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Briefs: Keep those cold germs at bay

keep those cold germs at bay

Podmates sneezing all around you? Check out some cold and flu prevention tips from Sutter Health (checksutterfirst.com):

Wash hands frequently or, better yet, use an alcohol-based hand cleaner.

Exercise at least four days a week. Regular moderate exercise boosts your immune system and helps to prevent infections.

Get plenty of sleep. The average adult needs seven to eight hours per night.

Lighten up and laugh. Laughter seems to enhance immunity while stress dampens it.

Gargle. The simple act of gargling with plain water at least three times a day not only reduced the incidence of upper respiratory tract infections by 36 percent but also reduced symptoms in people who did get a cold.

We're doing it! We're doing it!

The old advertising mantra, "Just Do It" has morphed into "Just Doing It" for more Americans, according to a recent survey about eating right and exercising. When asked about maintaining a healthful diet and engaging in regular exercise, 43 percent said they were. In 2002, that number was 38 percent. People in the "I know I should" category — who understand a healthy lifestyle is critical but haven't done much to achieve it — numbered 38 percent, up from 30 percent in 2002. And just 19 percent of men and women put themselves in the "don't bother me" category — not believing that diet and exercise are important. That's down from 32 percent in 2002. The survey, by the American Dietetic Association, gathered data from 783 men and women.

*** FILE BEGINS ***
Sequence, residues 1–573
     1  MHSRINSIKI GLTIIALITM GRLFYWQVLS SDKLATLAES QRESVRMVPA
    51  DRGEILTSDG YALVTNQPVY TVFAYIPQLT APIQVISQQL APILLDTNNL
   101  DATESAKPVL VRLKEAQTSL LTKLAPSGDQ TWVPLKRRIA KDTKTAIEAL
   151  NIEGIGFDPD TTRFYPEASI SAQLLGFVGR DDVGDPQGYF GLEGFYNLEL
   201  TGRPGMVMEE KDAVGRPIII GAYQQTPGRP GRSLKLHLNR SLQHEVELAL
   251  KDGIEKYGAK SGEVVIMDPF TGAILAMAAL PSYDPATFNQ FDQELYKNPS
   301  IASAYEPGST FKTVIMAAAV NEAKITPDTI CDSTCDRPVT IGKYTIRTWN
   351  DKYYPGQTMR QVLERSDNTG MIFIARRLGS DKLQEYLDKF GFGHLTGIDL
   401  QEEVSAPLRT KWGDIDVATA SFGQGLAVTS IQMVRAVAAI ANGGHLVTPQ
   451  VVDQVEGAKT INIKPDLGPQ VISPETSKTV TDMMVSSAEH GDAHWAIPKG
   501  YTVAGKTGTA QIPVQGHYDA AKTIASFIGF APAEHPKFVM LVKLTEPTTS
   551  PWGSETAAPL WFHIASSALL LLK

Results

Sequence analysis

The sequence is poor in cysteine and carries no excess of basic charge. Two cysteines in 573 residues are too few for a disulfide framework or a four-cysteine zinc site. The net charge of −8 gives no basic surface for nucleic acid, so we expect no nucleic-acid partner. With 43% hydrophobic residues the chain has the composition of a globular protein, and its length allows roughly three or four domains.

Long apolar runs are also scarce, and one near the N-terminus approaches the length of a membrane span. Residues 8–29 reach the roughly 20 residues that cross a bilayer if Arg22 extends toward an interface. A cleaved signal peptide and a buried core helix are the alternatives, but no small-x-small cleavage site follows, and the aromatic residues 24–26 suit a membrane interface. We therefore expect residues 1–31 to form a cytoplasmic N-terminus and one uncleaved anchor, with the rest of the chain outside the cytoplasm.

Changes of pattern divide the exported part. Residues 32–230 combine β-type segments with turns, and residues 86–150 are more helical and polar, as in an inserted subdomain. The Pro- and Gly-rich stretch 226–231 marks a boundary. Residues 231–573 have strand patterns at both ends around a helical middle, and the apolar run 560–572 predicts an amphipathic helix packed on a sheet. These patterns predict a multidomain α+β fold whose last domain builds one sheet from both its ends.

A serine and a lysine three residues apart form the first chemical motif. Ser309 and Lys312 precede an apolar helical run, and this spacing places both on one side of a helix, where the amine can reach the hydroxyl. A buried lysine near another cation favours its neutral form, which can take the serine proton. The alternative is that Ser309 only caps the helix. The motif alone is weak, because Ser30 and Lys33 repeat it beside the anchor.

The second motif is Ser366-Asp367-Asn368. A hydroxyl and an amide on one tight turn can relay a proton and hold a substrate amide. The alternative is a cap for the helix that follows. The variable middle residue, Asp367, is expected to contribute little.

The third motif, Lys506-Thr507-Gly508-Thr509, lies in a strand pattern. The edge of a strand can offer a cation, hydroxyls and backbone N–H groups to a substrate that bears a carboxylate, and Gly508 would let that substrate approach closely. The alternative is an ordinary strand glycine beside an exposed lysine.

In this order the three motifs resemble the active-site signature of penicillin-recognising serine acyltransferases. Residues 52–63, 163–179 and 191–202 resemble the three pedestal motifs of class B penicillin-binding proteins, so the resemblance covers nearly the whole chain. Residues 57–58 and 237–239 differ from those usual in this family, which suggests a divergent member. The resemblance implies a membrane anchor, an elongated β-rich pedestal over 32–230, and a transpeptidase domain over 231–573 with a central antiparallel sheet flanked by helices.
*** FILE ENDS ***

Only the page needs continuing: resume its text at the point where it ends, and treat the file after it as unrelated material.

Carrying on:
Hygiene prevents E. coli issues

A scan of the headlines the other day turned up at least three outbreaks of E. coli contamination in the food supply, from Ontario, to Tennessee to Southern California. You can protect yourself at home from the bacterium with some proper food handling techniques:

• Wash hands.

• Keep raw meats separate from other foods.

• Clean and disinfect cutting boards and kitchen surfaces after handling raw meat.

• When barbecuing, use a different plate for cooked food than the one that held the raw food.

• Meat should be cooked all the way through until the juices run clear. Hamburgers should reach a temperature of 160 degrees and should be brown inside, not pink.

Compiled from Times staff, wires

Briefs: Keep those cold germs at bay 12/01/08 [Last modified: Monday, December 1, 2008 12:55pm]
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